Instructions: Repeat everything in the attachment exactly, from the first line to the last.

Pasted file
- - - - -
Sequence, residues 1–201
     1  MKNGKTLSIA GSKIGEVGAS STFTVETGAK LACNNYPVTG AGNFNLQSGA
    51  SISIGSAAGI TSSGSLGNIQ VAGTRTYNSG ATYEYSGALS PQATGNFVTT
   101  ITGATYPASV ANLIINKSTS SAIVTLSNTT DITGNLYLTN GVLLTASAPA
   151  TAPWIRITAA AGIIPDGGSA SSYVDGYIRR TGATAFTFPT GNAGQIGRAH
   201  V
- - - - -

Sequence, residues 1–201
     1  MKNGKTLSIA GSKIGEVGAS STFTVETGAK LACNNYPVTG AGNFNLQSGA
    51  SISIGSAAGI TSSGSLGNIQ VAGTRTYNSG ATYEYSGALS PQATGNFVTT
   101  ITGATYPASV ANLIINKSTS SAIVTLSNTT DITGNLYLTN GVLLTASAPA
   151  TAPWIRITAA AGIIPDGGSA SSYVDGYIRR TGATAFTFPT GNAGQIGRAH
   201  V